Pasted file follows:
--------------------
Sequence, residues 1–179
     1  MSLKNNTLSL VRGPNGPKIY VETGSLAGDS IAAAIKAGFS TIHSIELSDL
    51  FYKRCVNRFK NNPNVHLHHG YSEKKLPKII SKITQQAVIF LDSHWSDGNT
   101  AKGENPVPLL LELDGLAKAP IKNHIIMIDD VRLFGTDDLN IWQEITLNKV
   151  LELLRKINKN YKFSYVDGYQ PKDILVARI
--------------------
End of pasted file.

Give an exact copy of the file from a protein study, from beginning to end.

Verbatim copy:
Sequence, residues 1–179
     1  MSLKNNTLSL VRGPNGPKIY VETGSLAGDS IAAAIKAGFS TIHSIELSDL
    51  FYKRCVNRFK NNPNVHLHHG YSEKKLPKII SKITQQAVIF LDSHWSDGNT
   101  AKGENPVPLL LELDGLAKAP IKNHIIMIDD VRLFGTDDLN IWQEITLNKV
   151  LELLRKINKN YKFSYVDGYQ PKDILVARI